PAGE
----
Our MASTERY Curriculum
At St Thomas More, the principles which underpin our mastery curriculum are that there is an absolute belief that every child can and will achieve. Children in our school know and believe that learning potential is increased through effort; they know that mistakes help them grow.
Throughout the curriculum, children receive a balance of academic and personal development. We believe that every person is a unique individual, created in God's image and loved by Him. We are therefore committed to treat every person with equality of esteem and the respect and dignity due to a child of God. We believe that we should strive for the best in all that we do, for all our children. We should celebrate the diversity of age, gender, racial and social origins, abilities, culture and religion within our school community. We are committed to ensure that all children are given every opportunity to develop their talents to the full.
Our curriculum places equal importance on core and foundation subjects. It has been designed to ensure children acquire, develop and deepen the knowledge they learn and the skills they practice. The knowledge and skills learnt are based on the national curriculum which are built upon and which are progressive throughout the year groups. We believe that the content of the curriculum should be child-focussed to ensure they are inspired, motivated and eager to learn (see link below for curriculum content for each year group for 2018/2019). We also believe that central to enhancing our children's learning is the need for experiences outside of the classroom to ensure there are opportunities to nurture creativity and discovery, broaden children's knowledge and to give purpose to learning.
To support the principles of our curriculum, our teaching and learning throughout the curriculum are built on 6 parts:
Engage (build on/link to prior knowledge/skills),
Introduce (introduce/model a new skill),
Consider and practice (discover knew skills/knowledge),
Going deeper (deepen skills/knowledge through e.g. critical thinking,
Independent/group task (embed skills/knowledge or discover more)
Plenary (self/peer/Teacher) assess knowledge and skills.
After each session, an assessment is made as to whether the child needs to continue to 'practice' the skill/knowledge acquired or is able to 'deepen' their learning further. This practice/deepen sticker is placed in a child's book after each session and highlighted accordingly.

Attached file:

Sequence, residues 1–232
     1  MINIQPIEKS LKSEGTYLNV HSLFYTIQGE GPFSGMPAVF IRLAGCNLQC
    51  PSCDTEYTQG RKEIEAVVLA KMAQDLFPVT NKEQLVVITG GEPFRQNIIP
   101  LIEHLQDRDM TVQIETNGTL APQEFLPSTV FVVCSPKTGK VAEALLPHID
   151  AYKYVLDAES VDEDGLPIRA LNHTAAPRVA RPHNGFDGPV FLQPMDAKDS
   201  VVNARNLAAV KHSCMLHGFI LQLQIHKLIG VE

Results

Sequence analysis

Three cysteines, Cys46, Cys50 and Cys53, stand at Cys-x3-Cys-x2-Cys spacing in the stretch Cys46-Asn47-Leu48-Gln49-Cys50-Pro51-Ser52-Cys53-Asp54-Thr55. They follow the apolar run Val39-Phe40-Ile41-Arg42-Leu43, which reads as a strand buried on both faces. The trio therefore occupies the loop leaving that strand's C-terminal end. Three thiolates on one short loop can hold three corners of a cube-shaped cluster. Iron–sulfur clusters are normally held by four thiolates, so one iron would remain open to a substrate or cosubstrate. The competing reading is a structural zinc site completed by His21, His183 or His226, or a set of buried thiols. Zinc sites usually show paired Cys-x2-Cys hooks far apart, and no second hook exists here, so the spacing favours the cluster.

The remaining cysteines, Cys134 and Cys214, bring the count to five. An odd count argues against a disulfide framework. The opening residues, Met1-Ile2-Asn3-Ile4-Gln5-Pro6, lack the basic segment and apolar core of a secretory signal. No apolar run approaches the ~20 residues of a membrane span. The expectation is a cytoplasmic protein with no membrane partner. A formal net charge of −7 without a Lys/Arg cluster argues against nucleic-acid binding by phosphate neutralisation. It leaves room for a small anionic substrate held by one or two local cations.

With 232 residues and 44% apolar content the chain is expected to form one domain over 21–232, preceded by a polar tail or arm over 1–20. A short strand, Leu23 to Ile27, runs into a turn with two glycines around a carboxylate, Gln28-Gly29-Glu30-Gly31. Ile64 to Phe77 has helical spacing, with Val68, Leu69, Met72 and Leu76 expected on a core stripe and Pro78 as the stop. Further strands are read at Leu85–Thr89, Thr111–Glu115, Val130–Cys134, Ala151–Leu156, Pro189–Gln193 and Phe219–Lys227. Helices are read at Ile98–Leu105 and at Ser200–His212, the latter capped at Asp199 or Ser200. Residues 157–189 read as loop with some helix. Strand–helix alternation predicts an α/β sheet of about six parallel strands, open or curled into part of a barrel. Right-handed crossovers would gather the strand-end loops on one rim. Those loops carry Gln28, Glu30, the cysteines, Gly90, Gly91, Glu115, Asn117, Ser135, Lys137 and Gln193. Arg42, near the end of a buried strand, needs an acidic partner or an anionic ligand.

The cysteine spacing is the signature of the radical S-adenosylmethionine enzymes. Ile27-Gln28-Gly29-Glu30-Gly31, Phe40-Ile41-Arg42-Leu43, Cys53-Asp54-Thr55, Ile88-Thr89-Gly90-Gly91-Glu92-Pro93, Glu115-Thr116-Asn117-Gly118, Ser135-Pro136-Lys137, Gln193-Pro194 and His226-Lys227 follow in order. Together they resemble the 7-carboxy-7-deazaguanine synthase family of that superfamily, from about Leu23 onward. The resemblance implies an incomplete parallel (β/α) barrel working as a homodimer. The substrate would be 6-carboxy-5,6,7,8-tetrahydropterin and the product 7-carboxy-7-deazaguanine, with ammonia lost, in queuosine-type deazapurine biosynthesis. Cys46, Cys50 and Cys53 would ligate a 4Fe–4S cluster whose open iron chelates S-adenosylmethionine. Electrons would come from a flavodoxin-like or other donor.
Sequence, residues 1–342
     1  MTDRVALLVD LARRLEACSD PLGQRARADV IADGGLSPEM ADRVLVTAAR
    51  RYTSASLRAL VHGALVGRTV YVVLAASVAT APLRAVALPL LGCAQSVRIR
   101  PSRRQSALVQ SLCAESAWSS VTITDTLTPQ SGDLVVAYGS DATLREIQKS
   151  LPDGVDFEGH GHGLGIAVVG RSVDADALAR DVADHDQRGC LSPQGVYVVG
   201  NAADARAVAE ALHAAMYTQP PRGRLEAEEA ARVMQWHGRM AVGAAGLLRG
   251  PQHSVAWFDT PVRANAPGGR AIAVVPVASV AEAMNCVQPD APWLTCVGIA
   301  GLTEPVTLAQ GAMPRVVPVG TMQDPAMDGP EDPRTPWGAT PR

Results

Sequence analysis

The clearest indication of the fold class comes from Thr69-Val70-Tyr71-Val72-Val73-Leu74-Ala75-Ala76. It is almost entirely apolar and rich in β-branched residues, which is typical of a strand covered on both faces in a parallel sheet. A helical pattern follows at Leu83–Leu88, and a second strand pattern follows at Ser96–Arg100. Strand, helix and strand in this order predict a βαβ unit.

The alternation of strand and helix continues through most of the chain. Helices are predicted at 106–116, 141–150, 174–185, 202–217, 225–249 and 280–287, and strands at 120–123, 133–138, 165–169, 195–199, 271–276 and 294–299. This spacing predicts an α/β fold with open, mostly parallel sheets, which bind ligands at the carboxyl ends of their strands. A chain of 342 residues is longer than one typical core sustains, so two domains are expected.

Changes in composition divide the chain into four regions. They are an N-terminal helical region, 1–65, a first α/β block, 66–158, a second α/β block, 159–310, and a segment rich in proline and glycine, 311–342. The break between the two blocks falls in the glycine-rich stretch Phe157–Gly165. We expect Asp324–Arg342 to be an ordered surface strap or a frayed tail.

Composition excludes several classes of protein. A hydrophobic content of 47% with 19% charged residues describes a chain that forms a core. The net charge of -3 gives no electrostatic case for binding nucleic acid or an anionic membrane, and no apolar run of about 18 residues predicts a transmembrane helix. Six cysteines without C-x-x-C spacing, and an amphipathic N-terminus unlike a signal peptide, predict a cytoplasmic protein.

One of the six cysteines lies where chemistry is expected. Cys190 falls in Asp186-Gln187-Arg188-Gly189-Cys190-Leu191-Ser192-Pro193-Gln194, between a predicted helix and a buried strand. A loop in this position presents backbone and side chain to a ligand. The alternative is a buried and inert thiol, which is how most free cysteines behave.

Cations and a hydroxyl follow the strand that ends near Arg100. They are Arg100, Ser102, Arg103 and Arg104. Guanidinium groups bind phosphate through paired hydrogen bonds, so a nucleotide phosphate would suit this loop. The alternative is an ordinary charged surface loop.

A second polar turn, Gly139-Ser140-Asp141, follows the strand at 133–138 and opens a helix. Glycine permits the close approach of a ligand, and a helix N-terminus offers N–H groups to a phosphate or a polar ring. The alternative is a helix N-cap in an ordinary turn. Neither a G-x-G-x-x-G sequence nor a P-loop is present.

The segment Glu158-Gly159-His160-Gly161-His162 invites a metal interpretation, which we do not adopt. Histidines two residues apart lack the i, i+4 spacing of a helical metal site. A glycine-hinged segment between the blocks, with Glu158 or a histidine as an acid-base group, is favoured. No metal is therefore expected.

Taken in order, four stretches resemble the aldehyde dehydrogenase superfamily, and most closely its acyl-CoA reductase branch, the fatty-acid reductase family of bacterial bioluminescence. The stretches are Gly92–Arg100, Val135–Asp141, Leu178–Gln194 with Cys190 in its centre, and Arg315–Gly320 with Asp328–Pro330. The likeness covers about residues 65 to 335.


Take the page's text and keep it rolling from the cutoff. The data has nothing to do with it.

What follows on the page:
The attached grids are an example of the way in which children cover the objectives through topics. At the beginning of a topic, each teacher sends home a parent newsletter, explaining what will be covered and how. Each class also receives a menu of topic homework at this point. This contains tasks related to the topic which the children complete over the course of the topic. The coverage of the objectives is tracked carefully throughout the year to make sure all aspects and themes set in the national curriculum are covered by the end of each key stage.
Foundation Stage Topic Overview
Our school follows the maths mastery programme in F2 to Y5. In Year 6 we also follow a mastery approach. Our reasoning for this is that instead of learning mathematical procedures by rote, we want pupils to build a deep conceptual understanding of concepts which will enable them to apply their learning in different situations. Problem solving is at the heart of the mastery approach, so we make sure to dedicate sufficient time to each new concept so every pupil can gain the reasoning they need to solve new problems in unfamiliar contexts. In Mathematics Mastery, our pupils are expected to all solve the same investigations by the end of the lesson, meaning the key concepts and objectives are met by all pupils.